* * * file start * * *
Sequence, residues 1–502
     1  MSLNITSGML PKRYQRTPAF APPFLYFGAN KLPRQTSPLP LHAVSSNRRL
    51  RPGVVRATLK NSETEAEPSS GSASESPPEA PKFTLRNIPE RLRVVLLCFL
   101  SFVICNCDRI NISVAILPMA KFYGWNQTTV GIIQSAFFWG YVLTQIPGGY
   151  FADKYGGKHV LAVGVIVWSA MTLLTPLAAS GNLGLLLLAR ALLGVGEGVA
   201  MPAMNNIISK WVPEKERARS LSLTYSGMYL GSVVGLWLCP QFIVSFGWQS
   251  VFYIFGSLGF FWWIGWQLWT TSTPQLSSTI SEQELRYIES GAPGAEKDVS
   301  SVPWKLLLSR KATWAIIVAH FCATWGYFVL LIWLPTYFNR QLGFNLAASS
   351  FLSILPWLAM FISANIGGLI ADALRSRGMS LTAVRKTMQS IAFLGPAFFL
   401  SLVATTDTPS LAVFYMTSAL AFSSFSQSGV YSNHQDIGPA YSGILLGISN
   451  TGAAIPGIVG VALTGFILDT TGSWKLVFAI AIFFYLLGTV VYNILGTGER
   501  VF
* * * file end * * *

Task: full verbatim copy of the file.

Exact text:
Sequence, residues 1–502
     1  MSLNITSGML PKRYQRTPAF APPFLYFGAN KLPRQTSPLP LHAVSSNRRL
    51  RPGVVRATLK NSETEAEPSS GSASESPPEA PKFTLRNIPE RLRVVLLCFL
   101  SFVICNCDRI NISVAILPMA KFYGWNQTTV GIIQSAFFWG YVLTQIPGGY
   151  FADKYGGKHV LAVGVIVWSA MTLLTPLAAS GNLGLLLLAR ALLGVGEGVA
   201  MPAMNNIISK WVPEKERARS LSLTYSGMYL GSVVGLWLCP QFIVSFGWQS
   251  VFYIFGSLGF FWWIGWQLWT TSTPQLSSTI SEQELRYIES GAPGAEKDVS
   301  SVPWKLLLSR KATWAIIVAH FCATWGYFVL LIWLPTYFNR QLGFNLAASS
   351  FLSILPWLAM FISANIGGLI ADALRSRGMS LTAVRKTMQS IAFLGPAFFL
   401  SLVATTDTPS LAVFYMTSAL AFSSFSQSGV YSNHQDIGPA YSGILLGISN
   451  TGAAIPGIVG VALTGFILDT TGSWKLVFAI AIFFYLLGTV VYNILGTGER
   501  VF